Rural communities live in fear of crime, garda chief admits
GARDA Commissioner Martin Callinan has acknowledged that people in isolated rural communities are living in fear of crime.
"I would be naive in the extreme not to believe that people out there in rural communities and isolated communities are concerned, but crime is something that we have had with us for a long, long time and unfortunately crime is something that will remain with us," he said.
"My job as the Garda Commissioner and the job of my colleagues is to ensure, (while) working with the communities, that we will target the individuals who engage in crime."
The commissioner was responding to a new survey showing 81pc of farmers felt they should have a right to own a gun to protect themselves, a figure widely interpreted as a lack of trust in the gardai.
Mr Callinan said the fear of crime was a difficult issue but they were working with communities to create confidence.
He stressed that the gardai were having real success in targeting criminals engaged in burglary and aggravated burglary, as borne out by the latest statistics.
The new community text alert initiative launched at the Ploughing Championships in Ratheniska, Co Laois, was a great example of how gardai could work with communities to reduce rural crime, he said.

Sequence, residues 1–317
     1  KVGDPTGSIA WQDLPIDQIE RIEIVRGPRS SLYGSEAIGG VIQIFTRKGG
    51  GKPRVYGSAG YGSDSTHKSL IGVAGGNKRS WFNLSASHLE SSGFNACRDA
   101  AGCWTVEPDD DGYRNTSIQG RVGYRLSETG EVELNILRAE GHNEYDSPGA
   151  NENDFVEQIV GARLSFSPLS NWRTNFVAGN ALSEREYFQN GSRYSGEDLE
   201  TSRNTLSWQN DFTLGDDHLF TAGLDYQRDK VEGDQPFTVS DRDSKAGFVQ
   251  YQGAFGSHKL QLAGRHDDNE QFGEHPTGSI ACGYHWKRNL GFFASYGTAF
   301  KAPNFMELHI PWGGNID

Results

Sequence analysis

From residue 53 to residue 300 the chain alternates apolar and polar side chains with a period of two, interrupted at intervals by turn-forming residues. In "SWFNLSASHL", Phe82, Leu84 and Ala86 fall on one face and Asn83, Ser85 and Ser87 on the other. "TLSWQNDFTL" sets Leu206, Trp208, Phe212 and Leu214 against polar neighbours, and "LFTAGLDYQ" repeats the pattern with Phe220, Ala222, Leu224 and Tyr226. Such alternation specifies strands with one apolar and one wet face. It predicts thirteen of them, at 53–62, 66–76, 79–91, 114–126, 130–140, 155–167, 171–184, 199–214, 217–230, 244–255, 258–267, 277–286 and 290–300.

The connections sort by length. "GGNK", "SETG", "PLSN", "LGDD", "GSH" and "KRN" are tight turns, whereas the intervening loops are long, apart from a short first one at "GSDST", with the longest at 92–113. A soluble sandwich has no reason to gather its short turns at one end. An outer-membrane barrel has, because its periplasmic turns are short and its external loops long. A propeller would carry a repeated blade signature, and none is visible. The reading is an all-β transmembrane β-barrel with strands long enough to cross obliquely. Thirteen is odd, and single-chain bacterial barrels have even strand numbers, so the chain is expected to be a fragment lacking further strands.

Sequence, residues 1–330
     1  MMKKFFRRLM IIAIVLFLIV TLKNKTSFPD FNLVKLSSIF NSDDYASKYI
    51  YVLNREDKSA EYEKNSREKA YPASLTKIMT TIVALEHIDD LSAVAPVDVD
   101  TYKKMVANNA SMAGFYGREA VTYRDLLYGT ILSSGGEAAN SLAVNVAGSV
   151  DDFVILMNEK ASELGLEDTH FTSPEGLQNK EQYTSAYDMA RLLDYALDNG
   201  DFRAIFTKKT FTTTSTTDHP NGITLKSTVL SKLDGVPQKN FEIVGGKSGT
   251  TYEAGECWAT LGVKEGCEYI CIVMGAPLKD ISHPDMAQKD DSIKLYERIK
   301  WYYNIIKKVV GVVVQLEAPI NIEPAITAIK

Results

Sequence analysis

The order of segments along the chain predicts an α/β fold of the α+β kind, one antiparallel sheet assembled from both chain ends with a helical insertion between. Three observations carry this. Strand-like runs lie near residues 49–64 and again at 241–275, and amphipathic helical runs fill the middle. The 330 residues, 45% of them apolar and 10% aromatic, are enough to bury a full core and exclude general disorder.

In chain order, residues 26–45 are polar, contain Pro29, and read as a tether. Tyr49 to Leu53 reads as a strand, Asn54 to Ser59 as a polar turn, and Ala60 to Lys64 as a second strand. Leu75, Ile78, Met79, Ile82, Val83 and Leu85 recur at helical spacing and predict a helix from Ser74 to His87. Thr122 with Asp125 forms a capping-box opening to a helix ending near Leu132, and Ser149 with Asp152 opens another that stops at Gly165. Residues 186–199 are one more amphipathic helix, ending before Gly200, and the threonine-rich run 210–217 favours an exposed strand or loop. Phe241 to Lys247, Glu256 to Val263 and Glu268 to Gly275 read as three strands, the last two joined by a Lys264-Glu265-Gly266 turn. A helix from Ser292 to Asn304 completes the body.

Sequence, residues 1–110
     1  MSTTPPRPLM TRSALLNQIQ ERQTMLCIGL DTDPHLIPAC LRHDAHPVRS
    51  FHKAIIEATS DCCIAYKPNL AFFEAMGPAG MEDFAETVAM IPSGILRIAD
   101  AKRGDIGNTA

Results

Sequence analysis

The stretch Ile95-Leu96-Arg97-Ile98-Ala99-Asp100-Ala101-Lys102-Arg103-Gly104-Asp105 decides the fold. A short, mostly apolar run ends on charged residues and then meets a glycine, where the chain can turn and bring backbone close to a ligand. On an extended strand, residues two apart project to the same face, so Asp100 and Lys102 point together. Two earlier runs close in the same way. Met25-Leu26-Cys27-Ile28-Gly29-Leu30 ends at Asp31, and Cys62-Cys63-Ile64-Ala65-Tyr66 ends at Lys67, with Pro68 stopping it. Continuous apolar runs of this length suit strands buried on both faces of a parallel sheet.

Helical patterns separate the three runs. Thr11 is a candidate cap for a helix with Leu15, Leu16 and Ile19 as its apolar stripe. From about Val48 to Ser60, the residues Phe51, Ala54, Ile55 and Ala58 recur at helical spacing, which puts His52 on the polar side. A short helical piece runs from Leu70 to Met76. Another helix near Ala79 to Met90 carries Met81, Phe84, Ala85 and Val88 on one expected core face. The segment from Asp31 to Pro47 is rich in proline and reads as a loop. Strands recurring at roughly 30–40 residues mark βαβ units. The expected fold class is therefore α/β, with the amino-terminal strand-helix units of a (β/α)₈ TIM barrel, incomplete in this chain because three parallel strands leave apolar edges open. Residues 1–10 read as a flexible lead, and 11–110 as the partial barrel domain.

The scheme will allow local gardai to send text alerts to community leaders from the Irish Farmers Association, Muintir na Tire and neighbourhood watch to warn of potential threats, such as suspicious vehicles in their area.
It is a one-way system as local residents will continue to contact the gardai by telephone or in person to report any suspicious activity they witness.
Mr Callinan said he was very pleased to see that the latest Central Statistics Office figures showed crime was down in 12 of the 14 categories, particularly in burglaries.
"We've had a tremendous campaign over the last 18 months or so to try to deal with the prolific increase in burglaries that have been occurring for many, many years."